Artistic occupations frequently involve working with forms, designs and patterns. They often require self-expression and the work can be done without following a clear set of rules.
Job requires being reliable, responsible, and dependable, and fulfilling obligations.
Job requires being honest and ethical.
Job requires maintaining composure, keeping emotions in check, controlling anger, and avoiding aggressive behavior, even in very difficult situations.
Job requires a willingness to lead, take charge, and offer opinions and direction.
Attention to Detail
Job requires being careful about detail and thorough in completing work tasks.
Job requires being open to change (positive or negative) and to considerable variety in the workplace.
Job requires accepting criticism and dealing calmly and effectively with high stress situations.
Job requires being pleasant with others on the job and displaying a good-natured, cooperative attitude.
Job requires a willingness to take on responsibilities and challenges.
Concern for Others
Job requires being sensitive to others' needs and feelings and being understanding and helpful on the job.
Occupations that satisfy this work value allow employees to work on their own and make decisions. Corresponding needs are Creativity, Responsibility and Autonomy.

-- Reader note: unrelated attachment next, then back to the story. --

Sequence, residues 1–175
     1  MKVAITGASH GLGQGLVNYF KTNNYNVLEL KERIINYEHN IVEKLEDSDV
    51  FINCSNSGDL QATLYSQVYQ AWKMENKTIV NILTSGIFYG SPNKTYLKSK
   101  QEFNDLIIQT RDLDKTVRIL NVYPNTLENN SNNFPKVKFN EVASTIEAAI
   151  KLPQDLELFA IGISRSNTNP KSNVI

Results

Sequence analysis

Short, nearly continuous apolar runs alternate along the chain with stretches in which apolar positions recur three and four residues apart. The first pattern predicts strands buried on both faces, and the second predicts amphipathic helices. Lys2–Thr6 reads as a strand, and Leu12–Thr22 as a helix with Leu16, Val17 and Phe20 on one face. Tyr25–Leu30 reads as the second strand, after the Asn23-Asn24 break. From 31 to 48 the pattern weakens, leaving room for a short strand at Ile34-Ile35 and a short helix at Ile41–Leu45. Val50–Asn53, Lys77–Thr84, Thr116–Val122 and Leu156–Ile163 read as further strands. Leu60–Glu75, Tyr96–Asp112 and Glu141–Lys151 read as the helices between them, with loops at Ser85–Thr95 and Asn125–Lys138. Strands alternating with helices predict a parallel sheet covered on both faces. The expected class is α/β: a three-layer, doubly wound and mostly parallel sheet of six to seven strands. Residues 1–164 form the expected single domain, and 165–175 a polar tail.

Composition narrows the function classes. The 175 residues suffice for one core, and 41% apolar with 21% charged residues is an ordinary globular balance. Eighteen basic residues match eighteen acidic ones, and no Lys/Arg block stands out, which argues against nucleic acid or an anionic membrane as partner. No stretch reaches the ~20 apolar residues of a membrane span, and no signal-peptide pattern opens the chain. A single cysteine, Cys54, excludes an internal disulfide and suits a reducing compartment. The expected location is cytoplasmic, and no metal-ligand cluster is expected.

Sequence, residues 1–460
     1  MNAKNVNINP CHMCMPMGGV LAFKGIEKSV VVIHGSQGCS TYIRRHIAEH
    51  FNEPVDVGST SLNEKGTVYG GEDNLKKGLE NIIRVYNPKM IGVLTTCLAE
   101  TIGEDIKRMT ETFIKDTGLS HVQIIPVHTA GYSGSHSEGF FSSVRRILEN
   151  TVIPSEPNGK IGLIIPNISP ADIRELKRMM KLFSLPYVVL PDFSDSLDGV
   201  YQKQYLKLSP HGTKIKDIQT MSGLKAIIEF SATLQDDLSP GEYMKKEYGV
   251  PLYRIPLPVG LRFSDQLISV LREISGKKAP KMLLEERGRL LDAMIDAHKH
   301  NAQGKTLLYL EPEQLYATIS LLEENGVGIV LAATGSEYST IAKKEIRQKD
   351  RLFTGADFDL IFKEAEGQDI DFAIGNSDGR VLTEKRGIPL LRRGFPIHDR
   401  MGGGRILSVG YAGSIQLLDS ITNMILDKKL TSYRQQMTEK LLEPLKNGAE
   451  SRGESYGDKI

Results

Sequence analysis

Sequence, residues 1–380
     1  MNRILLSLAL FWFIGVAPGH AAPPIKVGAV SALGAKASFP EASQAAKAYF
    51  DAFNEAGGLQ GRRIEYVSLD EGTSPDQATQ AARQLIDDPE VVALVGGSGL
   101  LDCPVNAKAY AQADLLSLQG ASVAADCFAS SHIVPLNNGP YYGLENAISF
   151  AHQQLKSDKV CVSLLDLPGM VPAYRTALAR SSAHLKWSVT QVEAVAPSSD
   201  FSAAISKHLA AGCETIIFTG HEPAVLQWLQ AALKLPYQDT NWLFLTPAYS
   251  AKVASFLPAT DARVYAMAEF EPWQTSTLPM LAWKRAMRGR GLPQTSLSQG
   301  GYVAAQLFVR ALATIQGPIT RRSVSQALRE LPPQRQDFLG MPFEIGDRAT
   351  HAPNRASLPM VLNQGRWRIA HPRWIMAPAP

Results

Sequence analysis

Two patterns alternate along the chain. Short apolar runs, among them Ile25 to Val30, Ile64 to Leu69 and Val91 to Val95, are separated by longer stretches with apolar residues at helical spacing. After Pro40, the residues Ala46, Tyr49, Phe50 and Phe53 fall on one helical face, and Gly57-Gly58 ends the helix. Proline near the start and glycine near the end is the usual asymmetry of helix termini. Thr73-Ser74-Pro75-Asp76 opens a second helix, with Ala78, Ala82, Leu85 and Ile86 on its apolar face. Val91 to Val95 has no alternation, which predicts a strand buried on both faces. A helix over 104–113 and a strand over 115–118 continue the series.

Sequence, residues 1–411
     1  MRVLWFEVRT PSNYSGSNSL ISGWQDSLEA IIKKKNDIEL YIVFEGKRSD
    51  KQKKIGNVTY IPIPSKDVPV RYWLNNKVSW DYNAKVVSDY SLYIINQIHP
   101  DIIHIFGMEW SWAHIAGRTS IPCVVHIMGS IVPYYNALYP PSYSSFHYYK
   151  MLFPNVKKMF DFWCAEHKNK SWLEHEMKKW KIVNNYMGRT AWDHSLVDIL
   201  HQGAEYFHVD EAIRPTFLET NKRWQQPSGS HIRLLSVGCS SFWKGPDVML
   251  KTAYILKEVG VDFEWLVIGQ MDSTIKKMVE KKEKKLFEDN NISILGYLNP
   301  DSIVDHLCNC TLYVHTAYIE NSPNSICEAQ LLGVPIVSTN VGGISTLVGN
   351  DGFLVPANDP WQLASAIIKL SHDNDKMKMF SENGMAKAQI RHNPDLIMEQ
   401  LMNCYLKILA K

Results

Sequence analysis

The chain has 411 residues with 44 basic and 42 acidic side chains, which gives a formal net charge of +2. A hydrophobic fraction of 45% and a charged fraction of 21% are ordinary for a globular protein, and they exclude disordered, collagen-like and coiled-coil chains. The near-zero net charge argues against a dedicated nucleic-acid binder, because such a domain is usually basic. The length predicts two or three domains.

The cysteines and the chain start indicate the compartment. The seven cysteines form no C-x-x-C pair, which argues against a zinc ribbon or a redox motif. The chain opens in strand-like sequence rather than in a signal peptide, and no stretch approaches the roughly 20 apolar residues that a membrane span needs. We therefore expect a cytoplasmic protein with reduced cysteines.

Occupations that satisfy this work value offer supportive management that stands behind employees. Corresponding needs are Company Policies, Supervision: Human Relations and Supervision: Technical.
Occupations that satisfy this work value offer job security and good working conditions. Corresponding needs are Activity, Compensation, Independence, Security, Variety and Working Conditions.
Occupations that satisfy this work value are results oriented and allow employees to use their strongest abilities, giving them a feeling of accomplishment. Corresponding needs are Ability Utilization and Achievement.
Occupations that satisfy this work value allow employees to provide service to others and work with co-workers in a friendly non-competitive environment. Corresponding needs are Co-workers, Moral Values and Social Service.
Occupations that satisfy this work value offer advancement, potential for leadership, and are often considered prestigious. Corresponding needs are Advancement, Authority, Recognition and Social Status.